In a recirculation system, five functions must occur to provide life support for the fish. There must be: 1) a place for the fish to live (fish tank), 2) a way of moving the water (pump), 3) a way of removing solid waste (e.g. bead filter), 4) a method of nitrification (e.g. trickle filter), and 5) a method of gas exchange (e.g. aeration). These functions are often accomplished by individual components as suggested above, but in some cases one component may provide two functions. For example, a bead filter removes solid waste and also provides for some nitrification. In other cases, a single function may be carried out by two or more components. One example, would be a system like the one shown below that uses a bead filter to remove large to moderate size solid waste particles and a foam fractionator to remove very fine particles and oils. Another would be a system that uses some type of pure oxygen system to add oxygen and then requires a gas stripping column to remove carbon dioxide.
System components can be made of a variety of materials, but they must be inert and not reactive with water. Galvanized and copper pipe are suspect, because under conditions of low hardness and low pH, the zinc or copper ions can accumulate in the water causing toxicity to fish. Concrete, either poured or in the form of block, is widely used in traditional aquaculture for raceways. In recirculation aquaculture, care must be used with concrete because in the absence of continuous fresh water the concrete can leach compounds that can raise pH too high. Old, or "cured" concrete is usually all right and it can also be painted with epoxy paint. Two part epoxy paints are expensive but very useful for creating a durable, non-reactive surface that can be disinfected. It can be used on a variety of surfaces including wood and metal.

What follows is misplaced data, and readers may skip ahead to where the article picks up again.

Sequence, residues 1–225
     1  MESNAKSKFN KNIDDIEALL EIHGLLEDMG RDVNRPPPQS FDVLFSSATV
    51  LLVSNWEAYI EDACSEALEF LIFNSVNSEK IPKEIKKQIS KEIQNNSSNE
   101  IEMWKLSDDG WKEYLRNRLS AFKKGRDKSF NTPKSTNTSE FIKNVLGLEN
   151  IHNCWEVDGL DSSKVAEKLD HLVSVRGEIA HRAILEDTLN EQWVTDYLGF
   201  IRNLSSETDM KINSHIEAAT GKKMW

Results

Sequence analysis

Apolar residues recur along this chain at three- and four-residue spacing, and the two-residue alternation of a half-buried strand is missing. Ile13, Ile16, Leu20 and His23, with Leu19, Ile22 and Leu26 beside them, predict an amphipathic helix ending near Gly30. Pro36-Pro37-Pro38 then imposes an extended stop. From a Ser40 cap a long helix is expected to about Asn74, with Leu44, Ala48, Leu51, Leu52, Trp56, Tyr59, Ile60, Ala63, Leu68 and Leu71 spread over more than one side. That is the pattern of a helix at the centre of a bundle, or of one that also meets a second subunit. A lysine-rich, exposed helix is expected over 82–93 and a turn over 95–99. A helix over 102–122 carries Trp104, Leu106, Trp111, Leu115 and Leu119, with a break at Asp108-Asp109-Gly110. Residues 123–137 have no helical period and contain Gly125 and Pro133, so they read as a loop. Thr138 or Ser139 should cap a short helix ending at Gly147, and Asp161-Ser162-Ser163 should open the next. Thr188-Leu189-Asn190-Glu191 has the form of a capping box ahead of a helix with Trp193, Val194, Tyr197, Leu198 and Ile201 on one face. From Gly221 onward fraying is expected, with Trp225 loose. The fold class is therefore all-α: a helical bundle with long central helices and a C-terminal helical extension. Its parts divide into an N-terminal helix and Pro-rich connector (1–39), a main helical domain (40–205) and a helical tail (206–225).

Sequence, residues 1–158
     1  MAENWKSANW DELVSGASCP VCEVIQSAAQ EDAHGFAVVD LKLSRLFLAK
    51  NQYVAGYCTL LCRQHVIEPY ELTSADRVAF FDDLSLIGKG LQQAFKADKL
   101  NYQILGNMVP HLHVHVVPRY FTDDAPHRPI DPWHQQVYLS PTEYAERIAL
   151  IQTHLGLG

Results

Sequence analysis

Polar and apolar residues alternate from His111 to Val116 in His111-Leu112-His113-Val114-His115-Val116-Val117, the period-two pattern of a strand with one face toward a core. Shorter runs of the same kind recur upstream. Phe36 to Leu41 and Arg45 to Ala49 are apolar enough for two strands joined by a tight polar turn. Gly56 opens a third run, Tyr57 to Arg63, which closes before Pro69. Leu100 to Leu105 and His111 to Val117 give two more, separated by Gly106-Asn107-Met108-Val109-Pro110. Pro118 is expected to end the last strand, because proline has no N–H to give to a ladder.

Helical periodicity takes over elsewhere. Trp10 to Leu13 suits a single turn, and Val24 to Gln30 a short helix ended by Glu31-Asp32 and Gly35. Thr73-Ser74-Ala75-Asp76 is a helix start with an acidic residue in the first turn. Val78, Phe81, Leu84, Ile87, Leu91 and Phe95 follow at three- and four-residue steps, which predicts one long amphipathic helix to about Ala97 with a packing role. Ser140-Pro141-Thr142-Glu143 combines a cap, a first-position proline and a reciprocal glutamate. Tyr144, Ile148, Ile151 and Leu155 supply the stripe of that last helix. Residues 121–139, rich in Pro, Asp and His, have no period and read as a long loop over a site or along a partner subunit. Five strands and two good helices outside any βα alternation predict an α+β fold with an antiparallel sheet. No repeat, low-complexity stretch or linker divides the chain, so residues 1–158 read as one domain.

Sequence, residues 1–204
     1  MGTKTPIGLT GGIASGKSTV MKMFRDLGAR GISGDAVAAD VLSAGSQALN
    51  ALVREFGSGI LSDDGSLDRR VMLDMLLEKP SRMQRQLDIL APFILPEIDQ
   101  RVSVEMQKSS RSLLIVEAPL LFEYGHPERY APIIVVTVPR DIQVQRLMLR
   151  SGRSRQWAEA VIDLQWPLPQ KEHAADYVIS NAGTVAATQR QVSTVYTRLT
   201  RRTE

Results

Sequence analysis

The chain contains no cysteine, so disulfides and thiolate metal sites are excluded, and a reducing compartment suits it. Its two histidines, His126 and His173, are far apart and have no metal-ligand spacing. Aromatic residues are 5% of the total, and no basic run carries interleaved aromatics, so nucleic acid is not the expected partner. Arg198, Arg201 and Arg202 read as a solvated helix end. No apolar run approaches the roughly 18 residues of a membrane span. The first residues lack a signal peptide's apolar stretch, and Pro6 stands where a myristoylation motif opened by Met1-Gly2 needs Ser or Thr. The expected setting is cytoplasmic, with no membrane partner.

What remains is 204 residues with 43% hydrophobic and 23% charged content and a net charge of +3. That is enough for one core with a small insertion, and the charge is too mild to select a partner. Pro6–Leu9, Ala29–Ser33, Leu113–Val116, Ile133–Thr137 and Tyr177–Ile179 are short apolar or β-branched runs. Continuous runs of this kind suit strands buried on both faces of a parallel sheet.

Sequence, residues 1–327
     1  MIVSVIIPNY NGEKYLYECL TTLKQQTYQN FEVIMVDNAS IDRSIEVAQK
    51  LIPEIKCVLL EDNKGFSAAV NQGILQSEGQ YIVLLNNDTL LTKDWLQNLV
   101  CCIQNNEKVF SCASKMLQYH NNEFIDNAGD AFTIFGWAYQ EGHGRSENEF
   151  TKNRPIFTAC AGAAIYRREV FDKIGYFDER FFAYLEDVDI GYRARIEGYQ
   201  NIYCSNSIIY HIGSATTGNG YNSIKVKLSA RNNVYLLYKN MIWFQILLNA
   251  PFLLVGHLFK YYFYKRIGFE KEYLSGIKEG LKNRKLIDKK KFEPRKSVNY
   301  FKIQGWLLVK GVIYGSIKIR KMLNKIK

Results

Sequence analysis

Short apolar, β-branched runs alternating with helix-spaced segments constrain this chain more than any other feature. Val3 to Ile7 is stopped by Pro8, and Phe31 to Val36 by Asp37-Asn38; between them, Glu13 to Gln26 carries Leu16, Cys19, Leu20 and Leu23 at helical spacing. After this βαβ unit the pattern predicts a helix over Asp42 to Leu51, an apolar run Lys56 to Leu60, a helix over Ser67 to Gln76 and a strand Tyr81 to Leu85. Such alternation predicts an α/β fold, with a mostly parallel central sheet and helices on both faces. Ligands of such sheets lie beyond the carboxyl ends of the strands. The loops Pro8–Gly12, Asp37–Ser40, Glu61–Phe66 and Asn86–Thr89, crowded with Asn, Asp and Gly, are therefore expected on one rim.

There are two approaches to scaling systems to grow more fish. One is to build a bigger system with larger components. The other is to build multiple units of a more modest size system. Both approaches have been used in commercial recirculation ventures. The single large system may have some advantages of scale, that is, it may be cheaper to build on a per-gallon basis, but it lacks the flexibility and redundancy of smaller, multiple units. A pump failure or a disease outbreak in a single large system may cause the loss of all the fish being grown. In a multiple unit system, however, only a fraction of the fish would be lost. Also, with multiple units different species or different sizes of fish may be grown that would be difficult or impossible if they were mixed together. Smaller systems are easier to harvest, as well.
In a functioning system, all of the components must work together. Like any complex system a recirculation system is only as robust as its weakest link. At any given time there is always one limiting factor to increased fish production. An efficiently designed system is made of components of approximately equal capacity. There is no point, for example, in having nitrification capacity far in excess of what the gas exchange can support. How does one design such a system?
The bad news for a biologist, like myself, is that the traditional way of designing efficient systems is an engineering process called mass balance. What this entails is calculating the size of each component based on projected load and known relationships. You begin with the amount of fish you want to grow. This allows you to calculate how much food will need to be fed, which in turn allows you to calculate the amount of oxygen required to metabolize that feed. Other equations predict the amount of oxygen that a given aeration system can move, etc. This exercise is continued until a system design is devised that theoretically supports the desired fish load without expensive overcapacity in any area. This process is not perfect. There are areas where the required supporting information is either not present or imperfect, thus real world adjustments and judgement calls will have to be made. Nonetheless, if a sizeable investment is going to be made in a recirculation system, the first expense should be an engineering design based on mass balance. For an excellent treatise on the use of mass balance in recirculation aquaculture, see Timmons et al. "Recirculating Aquaculture Systems" published by the USDA Northeastern Regional Aquaculture Center (ISBN 0-9712646-0-0). The fact is, successful recirculation aquaculture is based as much on engineering than biology and much academic research in this area is conducted in agricultural engineering departments, not fisheries departments.
It is possible to design a smaller, reasonably efficient system without a systematic mass balance analysis, but the same principle is involved. You begin with the weight of fish you wish to support and then estimate the size and type of each component needed. Instead of using equations you would use rules of thumb and the practical experience of others. A system constructed by this method would likely need more adjustments than one developed through rigorous calculation. Visiting operating recirculation systems is invaluable to someone developing a system design.